Commands using type (22)

What's this? is the place to record those command-line gems that you return to again and again. That way others can gain from your CLI wisdom and you from theirs too. All commands can be commented on, discussed and voted up or down.

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Quick and dirty convert to flash
This converts any media ffmpeg handles to flash. It would actually convert anything to anything, it's based on the file extension. It doesn't do ANY quality control, sizing, etc, it just does what it thinks is best. I needed an flv for testing, and this spits one out easily.

Get all mac address
I prefer the ip command to ifconfig as ifconfig is supposedly going to be deprecated. Certain IP address aliases can only be seen with the ip command (such as the ones applied by RHCS).

Display which distro is installed
Works on nearly all linux distros

Get AWS temporary credentials ready to export based on a MFA virtual appliance
You might want to secure your AWS operations requiring to use a MFA token. But then to use API or tools, you need to pass credentials generated with a MFA token. This commands asks you for the MFA code and retrieves these credentials using AWS Cli. To print the exports, you can use: `awk '{ print "export AWS_ACCESS_KEY_ID=\"" $1 "\"\n" "export AWS_SECRET_ACCESS_KEY=\"" $2 "\"\n" "export AWS_SESSION_TOKEN=\"" $3 "\"" }'` You must adapt the command line to include: * $MFA_IDis ARN of the virtual MFA or serial number of the physical one * TTL for the credentials

Put uppercase letters in curly brackets in a BibTeX database
It is often recommended to enclose capital letters in a BibTeX file in braces, so the letters will not be transformed to lower case, when imported from LaTeX. This is an attempt to apply this rule to a BibTeX database file. DO NOT USE sed '...' input.bib > input.bib as it will empty the file! How it works: $ /^\s*[^@%]/ Apply the search-and-replace rule to lines that start (^) with zero or more white spaces (\s*), followed by any character ([...]) that is *NOT* a "@" or a "%" (^@%). $ s===g Search (s) for some stuff and replace by other stuff. Do that globally (g) for all matches in each processed line. $ \([A-Z][A-Z]*\)\([^}A-Z]\|},$\) Matches at least one uppercase letter ([A-Z][A-Z]*) followed by a character that is EITHER not "}" and not a capital letter ([^}A-Z]) OR (|) it actually IS a "}", which is followed by "," at the end of the line ($). Putting regular expressions in escaped parentheses (\( and \), respectively) allows to dereference the matched string later. $ {\1}\2 Replace the matched string by "{", followed by part 1 of the matched string (\1), followed by "}", followed by the second part of the matched string (\2). I tried this with GNU sed, only, version 4.2.1.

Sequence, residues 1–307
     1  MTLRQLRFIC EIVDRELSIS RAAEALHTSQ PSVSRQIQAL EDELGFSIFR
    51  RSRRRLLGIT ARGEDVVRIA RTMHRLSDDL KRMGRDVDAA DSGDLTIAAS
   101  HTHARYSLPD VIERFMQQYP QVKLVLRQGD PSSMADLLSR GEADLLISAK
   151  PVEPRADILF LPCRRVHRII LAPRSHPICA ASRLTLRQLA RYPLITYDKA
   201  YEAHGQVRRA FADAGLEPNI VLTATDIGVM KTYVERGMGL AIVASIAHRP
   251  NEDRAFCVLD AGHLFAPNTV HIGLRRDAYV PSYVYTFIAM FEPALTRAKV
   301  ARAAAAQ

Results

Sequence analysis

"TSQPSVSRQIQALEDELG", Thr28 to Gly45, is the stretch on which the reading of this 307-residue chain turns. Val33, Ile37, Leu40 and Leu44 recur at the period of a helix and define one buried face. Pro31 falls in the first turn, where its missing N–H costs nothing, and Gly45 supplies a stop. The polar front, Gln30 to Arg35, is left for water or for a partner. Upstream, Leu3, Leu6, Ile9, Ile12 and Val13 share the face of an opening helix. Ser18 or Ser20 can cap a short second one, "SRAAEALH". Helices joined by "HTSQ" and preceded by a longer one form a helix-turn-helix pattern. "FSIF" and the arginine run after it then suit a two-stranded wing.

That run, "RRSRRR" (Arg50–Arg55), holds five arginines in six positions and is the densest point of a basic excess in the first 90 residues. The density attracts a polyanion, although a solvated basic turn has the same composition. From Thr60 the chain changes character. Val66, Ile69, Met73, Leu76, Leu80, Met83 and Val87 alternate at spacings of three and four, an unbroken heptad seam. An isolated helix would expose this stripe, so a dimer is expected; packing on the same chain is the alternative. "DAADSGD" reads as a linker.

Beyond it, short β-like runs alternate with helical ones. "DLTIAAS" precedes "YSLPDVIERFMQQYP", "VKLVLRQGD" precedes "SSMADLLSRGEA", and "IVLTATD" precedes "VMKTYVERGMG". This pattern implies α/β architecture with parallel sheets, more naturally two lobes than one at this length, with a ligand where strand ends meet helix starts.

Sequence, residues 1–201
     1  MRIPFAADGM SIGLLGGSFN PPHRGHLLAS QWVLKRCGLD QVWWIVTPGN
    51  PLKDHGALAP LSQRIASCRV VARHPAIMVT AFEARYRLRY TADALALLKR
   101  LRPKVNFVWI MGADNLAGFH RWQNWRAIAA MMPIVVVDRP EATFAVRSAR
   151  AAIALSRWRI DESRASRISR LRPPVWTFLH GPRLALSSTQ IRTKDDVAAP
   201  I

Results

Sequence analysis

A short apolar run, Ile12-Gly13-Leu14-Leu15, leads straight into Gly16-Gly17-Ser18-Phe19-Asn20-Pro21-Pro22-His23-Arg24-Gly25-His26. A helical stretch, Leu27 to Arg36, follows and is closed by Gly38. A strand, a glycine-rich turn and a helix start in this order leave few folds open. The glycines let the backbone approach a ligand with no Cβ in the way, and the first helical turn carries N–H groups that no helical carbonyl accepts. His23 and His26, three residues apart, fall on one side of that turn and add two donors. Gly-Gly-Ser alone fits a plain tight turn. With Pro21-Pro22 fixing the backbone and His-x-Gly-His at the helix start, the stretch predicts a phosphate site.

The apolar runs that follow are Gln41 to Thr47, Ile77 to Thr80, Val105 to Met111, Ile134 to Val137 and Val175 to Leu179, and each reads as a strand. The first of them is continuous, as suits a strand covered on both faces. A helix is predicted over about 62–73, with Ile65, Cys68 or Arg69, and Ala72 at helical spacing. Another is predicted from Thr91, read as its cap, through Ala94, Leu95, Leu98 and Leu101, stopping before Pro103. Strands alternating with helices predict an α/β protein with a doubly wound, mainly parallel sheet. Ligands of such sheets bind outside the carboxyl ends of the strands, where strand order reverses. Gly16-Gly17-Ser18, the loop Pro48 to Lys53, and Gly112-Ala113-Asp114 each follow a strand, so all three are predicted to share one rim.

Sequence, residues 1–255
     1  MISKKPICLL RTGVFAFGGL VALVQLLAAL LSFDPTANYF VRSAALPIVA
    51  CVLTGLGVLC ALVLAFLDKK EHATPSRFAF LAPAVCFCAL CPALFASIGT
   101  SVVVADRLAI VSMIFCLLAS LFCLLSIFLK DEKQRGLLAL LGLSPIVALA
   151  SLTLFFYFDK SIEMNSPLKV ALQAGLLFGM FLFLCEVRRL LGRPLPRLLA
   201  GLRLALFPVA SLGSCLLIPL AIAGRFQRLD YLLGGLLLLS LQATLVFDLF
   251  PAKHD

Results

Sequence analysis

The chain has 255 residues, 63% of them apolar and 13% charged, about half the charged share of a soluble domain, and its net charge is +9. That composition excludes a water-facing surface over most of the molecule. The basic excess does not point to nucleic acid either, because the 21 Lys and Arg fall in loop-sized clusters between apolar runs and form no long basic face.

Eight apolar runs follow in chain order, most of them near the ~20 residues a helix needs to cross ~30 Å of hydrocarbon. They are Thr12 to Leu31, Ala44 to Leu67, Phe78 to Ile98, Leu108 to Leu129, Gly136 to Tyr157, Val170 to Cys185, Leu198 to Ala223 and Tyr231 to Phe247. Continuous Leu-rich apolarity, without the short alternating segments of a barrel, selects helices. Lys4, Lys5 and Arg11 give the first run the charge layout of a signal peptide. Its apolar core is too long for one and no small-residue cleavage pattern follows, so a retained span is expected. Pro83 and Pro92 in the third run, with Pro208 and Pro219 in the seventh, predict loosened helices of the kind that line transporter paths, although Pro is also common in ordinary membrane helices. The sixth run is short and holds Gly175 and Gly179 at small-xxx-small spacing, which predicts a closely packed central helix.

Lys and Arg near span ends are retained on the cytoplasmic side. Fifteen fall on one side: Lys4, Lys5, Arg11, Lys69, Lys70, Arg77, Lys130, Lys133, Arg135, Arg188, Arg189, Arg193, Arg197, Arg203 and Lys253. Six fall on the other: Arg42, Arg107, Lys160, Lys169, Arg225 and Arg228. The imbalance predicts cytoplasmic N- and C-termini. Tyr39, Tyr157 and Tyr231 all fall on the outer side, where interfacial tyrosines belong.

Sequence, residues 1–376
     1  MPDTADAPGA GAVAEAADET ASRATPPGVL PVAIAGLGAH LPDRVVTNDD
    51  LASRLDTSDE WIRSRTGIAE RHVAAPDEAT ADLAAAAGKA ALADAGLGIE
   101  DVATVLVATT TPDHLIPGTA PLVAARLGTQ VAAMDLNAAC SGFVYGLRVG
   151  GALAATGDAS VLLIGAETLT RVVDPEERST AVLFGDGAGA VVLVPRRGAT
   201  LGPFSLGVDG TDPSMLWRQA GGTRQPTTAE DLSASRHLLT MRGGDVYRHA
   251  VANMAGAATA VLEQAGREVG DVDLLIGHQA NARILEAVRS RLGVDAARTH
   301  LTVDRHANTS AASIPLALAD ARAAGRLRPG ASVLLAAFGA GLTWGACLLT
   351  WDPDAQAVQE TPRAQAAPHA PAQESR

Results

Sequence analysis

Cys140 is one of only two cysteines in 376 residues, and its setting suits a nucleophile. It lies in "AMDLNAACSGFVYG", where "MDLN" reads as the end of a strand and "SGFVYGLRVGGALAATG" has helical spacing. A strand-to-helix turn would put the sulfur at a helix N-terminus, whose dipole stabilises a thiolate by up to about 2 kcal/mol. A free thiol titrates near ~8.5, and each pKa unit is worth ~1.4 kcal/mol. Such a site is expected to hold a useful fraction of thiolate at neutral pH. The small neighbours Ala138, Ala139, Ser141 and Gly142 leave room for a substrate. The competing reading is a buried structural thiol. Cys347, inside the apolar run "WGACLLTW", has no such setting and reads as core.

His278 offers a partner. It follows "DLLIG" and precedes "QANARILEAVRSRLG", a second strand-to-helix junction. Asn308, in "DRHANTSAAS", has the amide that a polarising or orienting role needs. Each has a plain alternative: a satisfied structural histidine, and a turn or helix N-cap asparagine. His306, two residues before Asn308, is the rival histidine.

Compression formats Benchmark
See: for example. Do some serious benchmarking from the commandline. This will write to a file with the time it took to compress n bytes to the file (increasing by 1). Run: $ gnuplot -persist

Lookup hostname for IP address

list block devices
Shows all block devices in a tree with descruptions of what they are.

print file without duplicated lines using awk
This create an array 'a' with wole lines. only one occurrence of each line - Not Get lines ++ !

Simple complete system backup excluding files or directories
You can exclude more system folders or individual files which are not necessary for the backup and can be recreated after the restore procedure, like /lost+found, /mnt, /media, /tmp, /usr ... Restoring the above backup procedure is as simple as becoming root and typing: $ tar zxpf backup.tgz -C / You can extract any file or directory out of the backup.tgz file for recovery, for instance, if you have a corrupt or mis-configured fstab file, you could simply issue the command: $ tar zxpf backup.tgz /ect/fstab -C / Other options: v add verbose option to see files processed A far safer solution is to restore the desired files under a different directory, and then compare, move, or update the files to their original locations afterward.

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